Extra: not all of us are endowed with the skill to make pysanky, but krashanka, a colored Ukrainian Easter egg, is very easy to make. They are usually prepared for the Easter spread, and in my column, Easter Eggs Colored With Onion Skins, I explain how to use onion skins to dye eggs naturally.

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36 Comments

  • Rachel: How beautiful! The egg in your first photo looks especially intricate. April 6, 2018 at 8:12am Reply

    • Victoria: The large egg is ostrich, I think. Yes, it was really quite spectacular. April 6, 2018 at 10:15am Reply

      • Rachel: Wow! Must be a very special place to visit. April 7, 2018 at 6:53am Reply

        • Victoria: It was! I highly recommend it, and that whole region too. April 9, 2018 at 6:21am Reply

  • Iuliana: Wonderful post (as always) – I would only question the only in Ukraine :-). In the north of Romania (Bucovine), where I come from, they are really not that different from some shown above. Happy Easter and all the best!
    Iuliana April 6, 2018 at 9:53am Reply

    • Victoria: Agreed, eggs are painted in many countries. What’s more, you can see similarities between the designs in places like Poland and Iran, which tells you that it’s an old tradition. April 6, 2018 at 10:17am Reply

  • Natalie: There is a fabulous display of pysanky currently on show in France (until the end if June) at 27 Avenue Foch, 94300 Vincennes, France.
    (More info at this FB page: see the March 15 posting
    https://m.facebook.com/maisoneparchialevincennes/ April 6, 2018 at 10:08am Reply

  • Amalia: Happy Easter from Greece, health and happiness to you and your loved ones! April 6, 2018 at 11:33am Reply

    • Victoria: Happy Easter! Much happiness and good health to you too. April 6, 2018 at 1:33pm Reply

  • rickyrebarco: Stunning!! Love to see these. April 6, 2018 at 11:57am Reply

    • Victoria: I went to Kolomyia twice just to visit the museum again. April 6, 2018 at 1:34pm Reply

      • AndreaR: Were you able to visit The Folk Arts Museum in Kolomyia as well? April 7, 2018 at 4:00pm Reply

        • Victoria: Yes, it was a great visit. April 9, 2018 at 6:24am Reply

  • mary k: Wow! These are amazing. There’s even a large one right in front of the museum. Thank you for sharing this with us. April 6, 2018 at 12:10pm Reply

    • Victoria: They’ve done a great job showcasing the collection. It’s fun to see all of these beautiful pieces, but it’s also fascinating to learn what each symbol means. April 6, 2018 at 1:35pm Reply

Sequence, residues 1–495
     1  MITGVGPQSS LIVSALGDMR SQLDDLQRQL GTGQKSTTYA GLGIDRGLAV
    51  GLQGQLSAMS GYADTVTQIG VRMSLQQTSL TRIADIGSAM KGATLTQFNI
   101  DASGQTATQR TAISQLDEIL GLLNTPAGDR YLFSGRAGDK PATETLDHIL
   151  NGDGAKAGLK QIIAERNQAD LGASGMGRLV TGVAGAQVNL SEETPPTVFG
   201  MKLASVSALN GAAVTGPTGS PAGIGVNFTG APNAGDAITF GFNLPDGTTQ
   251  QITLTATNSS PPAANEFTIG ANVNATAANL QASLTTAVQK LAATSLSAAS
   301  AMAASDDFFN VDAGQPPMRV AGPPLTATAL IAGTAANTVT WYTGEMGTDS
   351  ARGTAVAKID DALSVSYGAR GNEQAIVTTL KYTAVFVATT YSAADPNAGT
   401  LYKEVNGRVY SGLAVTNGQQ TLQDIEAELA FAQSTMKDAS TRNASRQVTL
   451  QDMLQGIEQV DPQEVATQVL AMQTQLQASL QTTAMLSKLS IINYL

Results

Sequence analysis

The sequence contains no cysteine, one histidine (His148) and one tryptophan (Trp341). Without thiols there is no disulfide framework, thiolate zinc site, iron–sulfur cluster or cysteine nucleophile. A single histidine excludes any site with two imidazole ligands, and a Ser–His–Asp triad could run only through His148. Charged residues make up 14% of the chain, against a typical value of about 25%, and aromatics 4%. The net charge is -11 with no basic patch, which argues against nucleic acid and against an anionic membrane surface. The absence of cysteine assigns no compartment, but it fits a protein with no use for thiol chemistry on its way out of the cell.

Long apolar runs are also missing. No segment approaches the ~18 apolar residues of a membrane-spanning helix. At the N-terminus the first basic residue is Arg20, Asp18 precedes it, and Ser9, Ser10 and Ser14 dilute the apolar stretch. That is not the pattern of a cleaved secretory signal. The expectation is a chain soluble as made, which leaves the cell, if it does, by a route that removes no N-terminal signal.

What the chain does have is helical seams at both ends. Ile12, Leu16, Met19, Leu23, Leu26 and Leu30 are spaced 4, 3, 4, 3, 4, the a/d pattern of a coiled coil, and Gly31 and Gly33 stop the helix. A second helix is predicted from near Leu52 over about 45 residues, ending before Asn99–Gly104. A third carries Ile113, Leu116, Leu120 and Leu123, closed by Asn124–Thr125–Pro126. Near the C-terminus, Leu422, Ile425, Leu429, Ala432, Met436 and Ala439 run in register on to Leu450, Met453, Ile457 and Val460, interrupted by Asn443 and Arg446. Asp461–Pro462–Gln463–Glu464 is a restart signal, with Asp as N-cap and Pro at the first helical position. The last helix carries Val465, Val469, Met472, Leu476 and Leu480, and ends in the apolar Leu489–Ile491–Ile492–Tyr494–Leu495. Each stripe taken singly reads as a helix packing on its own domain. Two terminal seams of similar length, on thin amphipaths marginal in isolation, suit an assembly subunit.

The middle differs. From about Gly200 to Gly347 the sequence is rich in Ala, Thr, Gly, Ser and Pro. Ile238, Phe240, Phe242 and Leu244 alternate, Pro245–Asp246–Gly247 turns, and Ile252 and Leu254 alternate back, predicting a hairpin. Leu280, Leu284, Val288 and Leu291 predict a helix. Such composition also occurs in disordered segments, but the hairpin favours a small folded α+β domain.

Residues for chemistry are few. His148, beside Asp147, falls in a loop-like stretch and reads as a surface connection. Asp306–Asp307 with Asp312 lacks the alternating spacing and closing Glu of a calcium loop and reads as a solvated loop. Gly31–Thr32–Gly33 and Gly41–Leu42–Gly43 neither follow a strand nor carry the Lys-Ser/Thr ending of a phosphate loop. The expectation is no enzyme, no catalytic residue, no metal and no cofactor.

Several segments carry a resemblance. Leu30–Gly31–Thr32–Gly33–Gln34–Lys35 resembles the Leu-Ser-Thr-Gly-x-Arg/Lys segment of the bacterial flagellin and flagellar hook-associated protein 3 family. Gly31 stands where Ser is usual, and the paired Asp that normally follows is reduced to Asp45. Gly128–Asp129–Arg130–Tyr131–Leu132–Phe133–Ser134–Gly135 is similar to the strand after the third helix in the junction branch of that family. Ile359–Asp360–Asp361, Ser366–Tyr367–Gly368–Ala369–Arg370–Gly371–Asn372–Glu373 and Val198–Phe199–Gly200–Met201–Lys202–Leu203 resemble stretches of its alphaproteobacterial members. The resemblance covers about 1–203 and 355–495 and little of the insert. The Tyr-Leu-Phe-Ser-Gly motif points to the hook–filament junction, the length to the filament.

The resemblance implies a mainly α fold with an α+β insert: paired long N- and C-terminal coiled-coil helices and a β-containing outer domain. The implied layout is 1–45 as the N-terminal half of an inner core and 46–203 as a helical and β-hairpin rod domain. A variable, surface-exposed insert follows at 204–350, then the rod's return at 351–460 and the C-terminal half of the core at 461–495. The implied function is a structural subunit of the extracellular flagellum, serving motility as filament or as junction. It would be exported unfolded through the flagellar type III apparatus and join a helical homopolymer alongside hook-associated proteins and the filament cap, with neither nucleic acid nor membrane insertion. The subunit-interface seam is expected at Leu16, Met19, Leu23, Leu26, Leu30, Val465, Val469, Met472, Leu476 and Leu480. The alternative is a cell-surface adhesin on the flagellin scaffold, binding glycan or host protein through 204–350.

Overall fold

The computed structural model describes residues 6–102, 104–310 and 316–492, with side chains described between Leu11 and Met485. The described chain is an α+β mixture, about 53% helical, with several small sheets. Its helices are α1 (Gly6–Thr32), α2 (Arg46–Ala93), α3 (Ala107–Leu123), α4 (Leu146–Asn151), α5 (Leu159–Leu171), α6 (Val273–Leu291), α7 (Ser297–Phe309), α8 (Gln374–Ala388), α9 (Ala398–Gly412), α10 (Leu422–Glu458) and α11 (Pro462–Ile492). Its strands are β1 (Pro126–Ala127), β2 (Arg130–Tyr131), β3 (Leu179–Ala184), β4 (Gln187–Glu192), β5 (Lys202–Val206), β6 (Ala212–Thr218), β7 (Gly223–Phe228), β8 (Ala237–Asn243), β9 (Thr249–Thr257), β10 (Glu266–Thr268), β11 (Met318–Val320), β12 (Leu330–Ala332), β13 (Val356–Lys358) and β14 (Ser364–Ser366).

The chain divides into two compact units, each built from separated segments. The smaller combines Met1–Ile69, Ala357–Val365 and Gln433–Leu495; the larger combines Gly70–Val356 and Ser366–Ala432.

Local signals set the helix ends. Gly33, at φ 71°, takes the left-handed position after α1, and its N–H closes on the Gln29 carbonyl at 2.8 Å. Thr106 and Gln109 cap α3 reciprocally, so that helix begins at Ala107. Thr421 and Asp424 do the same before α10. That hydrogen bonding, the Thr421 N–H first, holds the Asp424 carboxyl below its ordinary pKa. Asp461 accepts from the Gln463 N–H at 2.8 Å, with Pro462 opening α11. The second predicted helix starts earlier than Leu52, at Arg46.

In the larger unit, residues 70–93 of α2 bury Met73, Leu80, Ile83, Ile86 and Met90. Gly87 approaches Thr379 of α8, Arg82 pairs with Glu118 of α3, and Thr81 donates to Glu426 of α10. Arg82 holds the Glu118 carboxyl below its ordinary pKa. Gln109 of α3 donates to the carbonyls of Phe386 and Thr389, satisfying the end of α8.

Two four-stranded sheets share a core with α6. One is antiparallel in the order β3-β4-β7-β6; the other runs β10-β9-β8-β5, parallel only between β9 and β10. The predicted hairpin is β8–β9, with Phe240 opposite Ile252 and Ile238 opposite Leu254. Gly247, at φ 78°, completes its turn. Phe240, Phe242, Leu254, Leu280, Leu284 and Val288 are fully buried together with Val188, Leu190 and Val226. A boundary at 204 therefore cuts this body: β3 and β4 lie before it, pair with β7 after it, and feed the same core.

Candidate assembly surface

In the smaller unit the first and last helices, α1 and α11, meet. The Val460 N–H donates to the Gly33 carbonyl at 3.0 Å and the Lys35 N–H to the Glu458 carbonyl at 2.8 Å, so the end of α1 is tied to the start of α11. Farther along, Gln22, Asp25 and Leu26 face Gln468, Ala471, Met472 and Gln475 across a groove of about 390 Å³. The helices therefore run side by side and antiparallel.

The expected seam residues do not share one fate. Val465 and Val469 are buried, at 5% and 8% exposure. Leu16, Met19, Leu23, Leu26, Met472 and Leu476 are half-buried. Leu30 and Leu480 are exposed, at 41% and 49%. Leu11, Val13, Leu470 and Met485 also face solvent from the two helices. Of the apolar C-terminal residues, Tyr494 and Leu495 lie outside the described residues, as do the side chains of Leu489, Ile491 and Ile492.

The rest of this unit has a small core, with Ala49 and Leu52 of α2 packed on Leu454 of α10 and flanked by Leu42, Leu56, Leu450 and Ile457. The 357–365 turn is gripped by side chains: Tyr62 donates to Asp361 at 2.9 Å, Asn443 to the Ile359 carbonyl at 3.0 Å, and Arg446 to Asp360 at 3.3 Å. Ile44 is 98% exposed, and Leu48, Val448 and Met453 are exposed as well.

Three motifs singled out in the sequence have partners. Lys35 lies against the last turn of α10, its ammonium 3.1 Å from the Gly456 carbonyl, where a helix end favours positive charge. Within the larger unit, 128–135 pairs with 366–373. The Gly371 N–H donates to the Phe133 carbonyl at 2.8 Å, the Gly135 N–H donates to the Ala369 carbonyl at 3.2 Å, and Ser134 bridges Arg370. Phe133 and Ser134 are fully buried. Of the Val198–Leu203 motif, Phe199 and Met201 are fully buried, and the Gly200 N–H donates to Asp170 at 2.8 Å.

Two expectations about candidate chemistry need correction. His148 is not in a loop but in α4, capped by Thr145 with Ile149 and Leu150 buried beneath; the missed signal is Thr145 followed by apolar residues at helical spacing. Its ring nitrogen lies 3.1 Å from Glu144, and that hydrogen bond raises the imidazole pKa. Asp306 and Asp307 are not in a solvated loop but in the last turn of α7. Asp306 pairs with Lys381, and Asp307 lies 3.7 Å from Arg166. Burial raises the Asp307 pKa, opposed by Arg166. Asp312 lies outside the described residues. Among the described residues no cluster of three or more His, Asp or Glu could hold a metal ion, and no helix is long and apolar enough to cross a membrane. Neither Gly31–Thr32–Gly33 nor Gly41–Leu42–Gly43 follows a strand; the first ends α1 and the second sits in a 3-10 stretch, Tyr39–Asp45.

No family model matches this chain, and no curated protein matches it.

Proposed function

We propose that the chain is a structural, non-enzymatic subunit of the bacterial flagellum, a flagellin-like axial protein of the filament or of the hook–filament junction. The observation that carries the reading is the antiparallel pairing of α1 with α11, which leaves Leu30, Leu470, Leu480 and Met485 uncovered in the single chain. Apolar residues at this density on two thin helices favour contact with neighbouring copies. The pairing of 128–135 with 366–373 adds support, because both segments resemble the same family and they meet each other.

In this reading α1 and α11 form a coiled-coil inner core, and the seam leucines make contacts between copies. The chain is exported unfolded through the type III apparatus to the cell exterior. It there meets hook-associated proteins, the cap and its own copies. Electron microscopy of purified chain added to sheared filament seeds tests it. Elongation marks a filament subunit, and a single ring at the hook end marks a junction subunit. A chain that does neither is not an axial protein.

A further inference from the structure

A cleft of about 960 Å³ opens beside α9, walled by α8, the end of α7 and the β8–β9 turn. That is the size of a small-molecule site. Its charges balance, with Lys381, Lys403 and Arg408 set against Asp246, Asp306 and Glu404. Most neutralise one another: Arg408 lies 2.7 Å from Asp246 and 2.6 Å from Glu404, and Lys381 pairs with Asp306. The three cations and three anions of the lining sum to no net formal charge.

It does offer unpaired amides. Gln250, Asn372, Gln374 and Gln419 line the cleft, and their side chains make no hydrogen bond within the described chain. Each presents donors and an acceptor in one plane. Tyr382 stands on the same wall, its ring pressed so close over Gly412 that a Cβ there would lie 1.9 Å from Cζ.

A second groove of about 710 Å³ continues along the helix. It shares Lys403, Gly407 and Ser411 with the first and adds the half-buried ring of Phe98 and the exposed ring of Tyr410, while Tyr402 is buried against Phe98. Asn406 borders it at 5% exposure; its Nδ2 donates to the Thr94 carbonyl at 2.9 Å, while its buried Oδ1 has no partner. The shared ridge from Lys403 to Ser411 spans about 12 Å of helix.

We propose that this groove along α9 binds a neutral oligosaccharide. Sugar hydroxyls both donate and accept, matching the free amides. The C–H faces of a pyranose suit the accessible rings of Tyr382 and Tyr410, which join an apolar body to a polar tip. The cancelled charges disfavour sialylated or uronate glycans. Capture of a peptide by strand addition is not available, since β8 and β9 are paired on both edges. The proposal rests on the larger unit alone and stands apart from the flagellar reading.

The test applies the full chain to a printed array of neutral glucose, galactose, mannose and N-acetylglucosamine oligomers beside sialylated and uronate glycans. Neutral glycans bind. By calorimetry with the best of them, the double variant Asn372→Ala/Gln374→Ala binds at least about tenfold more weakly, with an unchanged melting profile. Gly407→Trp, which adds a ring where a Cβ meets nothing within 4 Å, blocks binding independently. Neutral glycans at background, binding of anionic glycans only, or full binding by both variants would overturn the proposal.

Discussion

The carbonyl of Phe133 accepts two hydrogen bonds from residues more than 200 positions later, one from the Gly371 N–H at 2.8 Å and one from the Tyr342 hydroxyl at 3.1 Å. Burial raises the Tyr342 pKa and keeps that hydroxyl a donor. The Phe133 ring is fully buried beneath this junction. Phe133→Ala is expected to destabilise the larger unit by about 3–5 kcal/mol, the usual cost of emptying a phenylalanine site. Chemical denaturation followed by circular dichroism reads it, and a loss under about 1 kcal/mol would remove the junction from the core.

• Emilie: These are so beautiful. I’m glad they have found a way of preserving the older eggs. It would have been a great shame to lose them to time! April 6, 2018 at 7:13pm Reply

    • Victoria: Very true. During one of the workshops I painted my own egg, but I confess that I couldn’t break it to go through with the rest of the steps. April 9, 2018 at 6:20am Reply

      • Emilie: That must have been so wonderful doing a workshop there! Yes, I imagine it would feel very wrong breaking something beautiful that you have worked so hard on.

        Have you posted a picture of the egg you decorated anywhere Victoria? April 9, 2018 at 6:39pm Reply

        • Victoria: Here it is:
          https://boisdejasmin.com/2016/05/postcard-from-ukraine-pysanky.html
          Not an art object, but I had fun making it. April 10, 2018 at 2:32pm Reply

          • Emilie: Thank you for the link, it is lovely 🙂 I like the vivid red you chose a lot. Bright eggs always look so nice against a white table cloth for Easter. April 10, 2018 at 3:43pm Reply

            • Victoria: Thank you! At first, the egg was colored yellow to create the petals, and then I added red. Mixed with yellow, it gave an orange cast to the hue, which looked bright. In the past, of course, natural colors were used, but today it’s more common to turn to synthetics. April 11, 2018 at 11:53am Reply